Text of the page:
Microsoft tasked MA Industrial Design students to conceptualise ideas which demonstrated new thinking in computer interaction – challenging each to devise possible alternatives to the mouse and keyboard or, alternatively, visualise technologies that could be used in the future, based on emerging tech trends of today. The designs were showcased in an exhibition at CSM where Victor Johansson was named Microsoft Young Designer of the Year.
Scott Smith, Principle Designer at the Microsoft User Experience and Industrial Design department which specialises in the field of interaction and input, commented: “At Microsoft, we invest a lot of time and resources on research which examines how users are changing their interactions with technology, whether its input devices, user interfaces, touch, voice or gestures. Central Saint Martins provides a great platform to bring in fresh insights and ideas from a group of 25 students who hail from a diverse mix of backgrounds and nationalities.”
Victor’s winning design was the Keyflex, “an evolution of the humble keyboard.”
Rather than just pressing keys, the user bends, squeezes, twists and flexes the device to control it. It can also be bent upwards and downwards to control the volume. By pressing the ‘modifier key’ at the same time, the action of bending gets assigned to a different function (e.g. fast forwarding a movie). The device can also be twisted to pause or escape. When using social media, the user can squeeze either the right or left side to ‘share’ or ‘like’.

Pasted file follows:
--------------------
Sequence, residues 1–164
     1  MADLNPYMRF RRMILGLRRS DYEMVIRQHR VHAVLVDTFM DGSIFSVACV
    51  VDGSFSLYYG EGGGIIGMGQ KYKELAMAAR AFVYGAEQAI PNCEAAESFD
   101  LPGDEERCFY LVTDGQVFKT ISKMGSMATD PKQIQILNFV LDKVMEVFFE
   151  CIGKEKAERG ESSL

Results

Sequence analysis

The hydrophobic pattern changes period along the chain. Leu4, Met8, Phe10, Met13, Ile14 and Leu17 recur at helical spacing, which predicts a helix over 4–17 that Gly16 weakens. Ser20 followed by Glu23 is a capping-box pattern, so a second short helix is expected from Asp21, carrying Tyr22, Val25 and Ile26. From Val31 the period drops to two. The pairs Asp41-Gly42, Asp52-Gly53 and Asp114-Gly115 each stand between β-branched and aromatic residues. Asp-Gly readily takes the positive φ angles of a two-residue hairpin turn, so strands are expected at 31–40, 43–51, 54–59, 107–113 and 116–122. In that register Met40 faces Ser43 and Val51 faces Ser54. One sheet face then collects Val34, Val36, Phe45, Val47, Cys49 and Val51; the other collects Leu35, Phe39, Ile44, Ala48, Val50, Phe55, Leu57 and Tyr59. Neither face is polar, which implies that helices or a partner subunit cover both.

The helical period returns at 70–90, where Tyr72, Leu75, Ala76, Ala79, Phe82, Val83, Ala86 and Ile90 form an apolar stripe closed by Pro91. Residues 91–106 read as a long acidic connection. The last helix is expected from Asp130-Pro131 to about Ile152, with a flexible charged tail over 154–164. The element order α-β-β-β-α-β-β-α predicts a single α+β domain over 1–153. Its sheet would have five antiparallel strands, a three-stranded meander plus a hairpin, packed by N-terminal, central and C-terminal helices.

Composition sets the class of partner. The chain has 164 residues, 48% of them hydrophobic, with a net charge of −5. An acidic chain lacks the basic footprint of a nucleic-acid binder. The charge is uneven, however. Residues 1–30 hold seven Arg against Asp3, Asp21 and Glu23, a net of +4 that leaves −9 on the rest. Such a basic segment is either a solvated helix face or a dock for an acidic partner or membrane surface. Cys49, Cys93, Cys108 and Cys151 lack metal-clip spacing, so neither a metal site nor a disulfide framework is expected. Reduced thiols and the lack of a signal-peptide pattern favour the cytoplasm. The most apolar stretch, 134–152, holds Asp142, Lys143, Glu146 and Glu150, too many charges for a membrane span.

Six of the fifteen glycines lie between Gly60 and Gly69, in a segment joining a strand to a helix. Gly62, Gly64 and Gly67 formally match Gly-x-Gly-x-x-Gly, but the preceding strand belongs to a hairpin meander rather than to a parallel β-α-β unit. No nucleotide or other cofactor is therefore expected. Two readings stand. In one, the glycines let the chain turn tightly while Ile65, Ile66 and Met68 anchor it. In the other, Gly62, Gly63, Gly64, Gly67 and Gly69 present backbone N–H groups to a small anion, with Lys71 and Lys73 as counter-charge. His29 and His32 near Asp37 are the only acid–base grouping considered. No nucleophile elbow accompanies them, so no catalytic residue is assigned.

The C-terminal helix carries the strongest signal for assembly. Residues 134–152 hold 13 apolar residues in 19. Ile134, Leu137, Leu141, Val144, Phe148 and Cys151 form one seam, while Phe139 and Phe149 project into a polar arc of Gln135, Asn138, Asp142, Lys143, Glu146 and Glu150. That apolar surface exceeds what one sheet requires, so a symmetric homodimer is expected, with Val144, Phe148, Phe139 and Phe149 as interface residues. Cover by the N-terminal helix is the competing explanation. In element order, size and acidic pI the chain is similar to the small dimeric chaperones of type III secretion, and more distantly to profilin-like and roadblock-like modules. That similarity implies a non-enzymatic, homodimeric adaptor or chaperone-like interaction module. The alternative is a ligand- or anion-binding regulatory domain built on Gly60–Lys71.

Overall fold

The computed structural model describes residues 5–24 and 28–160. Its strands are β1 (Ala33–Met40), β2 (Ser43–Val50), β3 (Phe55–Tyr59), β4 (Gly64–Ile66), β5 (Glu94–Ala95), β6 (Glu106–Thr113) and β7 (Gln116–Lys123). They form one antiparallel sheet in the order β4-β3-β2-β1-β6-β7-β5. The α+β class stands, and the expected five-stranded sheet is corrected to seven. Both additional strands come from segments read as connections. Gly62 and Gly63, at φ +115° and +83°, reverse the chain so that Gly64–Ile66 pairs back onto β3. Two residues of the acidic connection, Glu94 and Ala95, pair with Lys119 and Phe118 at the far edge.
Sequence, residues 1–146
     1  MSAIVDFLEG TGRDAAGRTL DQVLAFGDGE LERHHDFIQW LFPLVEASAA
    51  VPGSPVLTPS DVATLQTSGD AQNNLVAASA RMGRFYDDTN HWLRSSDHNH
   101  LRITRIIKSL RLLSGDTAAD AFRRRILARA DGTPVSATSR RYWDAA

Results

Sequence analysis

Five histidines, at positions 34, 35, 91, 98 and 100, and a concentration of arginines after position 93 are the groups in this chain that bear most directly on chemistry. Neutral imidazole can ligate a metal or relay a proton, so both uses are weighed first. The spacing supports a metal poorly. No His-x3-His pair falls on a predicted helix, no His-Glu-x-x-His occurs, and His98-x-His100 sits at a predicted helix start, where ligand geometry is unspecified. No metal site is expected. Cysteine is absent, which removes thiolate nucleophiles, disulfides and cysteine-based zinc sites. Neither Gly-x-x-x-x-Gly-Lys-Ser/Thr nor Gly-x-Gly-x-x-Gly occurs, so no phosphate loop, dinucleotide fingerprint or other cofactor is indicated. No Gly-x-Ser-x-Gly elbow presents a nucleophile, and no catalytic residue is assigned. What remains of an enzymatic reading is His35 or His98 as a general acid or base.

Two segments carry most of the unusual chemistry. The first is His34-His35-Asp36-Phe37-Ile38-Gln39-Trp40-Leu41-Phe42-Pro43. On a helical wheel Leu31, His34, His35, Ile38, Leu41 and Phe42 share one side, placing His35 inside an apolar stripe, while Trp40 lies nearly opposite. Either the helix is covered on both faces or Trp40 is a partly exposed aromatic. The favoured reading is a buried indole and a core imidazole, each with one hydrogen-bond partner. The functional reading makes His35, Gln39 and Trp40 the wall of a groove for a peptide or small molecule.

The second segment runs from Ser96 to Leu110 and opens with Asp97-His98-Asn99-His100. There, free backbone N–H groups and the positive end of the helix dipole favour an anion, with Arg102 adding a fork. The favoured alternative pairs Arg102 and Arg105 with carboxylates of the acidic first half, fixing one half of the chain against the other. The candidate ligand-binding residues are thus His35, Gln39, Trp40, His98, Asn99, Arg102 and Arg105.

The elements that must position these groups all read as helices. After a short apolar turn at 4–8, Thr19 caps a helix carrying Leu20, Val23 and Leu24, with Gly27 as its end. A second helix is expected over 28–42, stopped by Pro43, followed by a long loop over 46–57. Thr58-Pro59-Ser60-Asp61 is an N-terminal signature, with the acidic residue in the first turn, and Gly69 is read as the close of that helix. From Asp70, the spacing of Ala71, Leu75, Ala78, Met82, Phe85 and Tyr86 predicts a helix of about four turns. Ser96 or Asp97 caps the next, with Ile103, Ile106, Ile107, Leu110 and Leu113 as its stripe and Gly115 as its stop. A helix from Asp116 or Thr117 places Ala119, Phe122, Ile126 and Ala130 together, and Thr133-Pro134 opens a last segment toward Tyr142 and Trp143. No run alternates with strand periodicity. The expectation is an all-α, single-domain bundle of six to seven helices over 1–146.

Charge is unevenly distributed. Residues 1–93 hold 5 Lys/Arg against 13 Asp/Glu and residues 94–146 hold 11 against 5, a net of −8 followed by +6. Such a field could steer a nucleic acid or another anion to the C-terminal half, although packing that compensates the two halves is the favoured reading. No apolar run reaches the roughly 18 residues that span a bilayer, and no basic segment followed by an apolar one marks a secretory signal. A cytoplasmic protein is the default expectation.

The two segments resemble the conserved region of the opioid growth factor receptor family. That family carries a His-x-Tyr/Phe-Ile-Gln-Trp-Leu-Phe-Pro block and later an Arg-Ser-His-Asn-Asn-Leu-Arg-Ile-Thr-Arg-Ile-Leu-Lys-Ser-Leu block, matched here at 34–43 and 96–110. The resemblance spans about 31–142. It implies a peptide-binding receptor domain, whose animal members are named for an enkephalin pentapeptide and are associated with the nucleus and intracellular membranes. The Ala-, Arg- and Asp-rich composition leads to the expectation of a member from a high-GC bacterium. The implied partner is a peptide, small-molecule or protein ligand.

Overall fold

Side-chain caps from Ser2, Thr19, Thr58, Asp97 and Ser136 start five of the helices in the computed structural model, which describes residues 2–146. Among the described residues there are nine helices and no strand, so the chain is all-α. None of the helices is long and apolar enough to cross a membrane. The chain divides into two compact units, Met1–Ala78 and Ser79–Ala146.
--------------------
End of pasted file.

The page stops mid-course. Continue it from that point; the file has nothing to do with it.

Scott Smith, Principal User Experience Designer with the Microsoft Hardware User Experience Team commented:
It has been a fascinating experience to see students who hail from a diverse mix of backgrounds and nationalities developing fresh insights into the world of man/machine interaction. I was particularly impressed with Victor Johansson’s design as he successfully met the overall goal of the programme and really showcased a possible future trend which addressed a clear consumer need – a quality that is at the forefront of all Microsoft design thinking.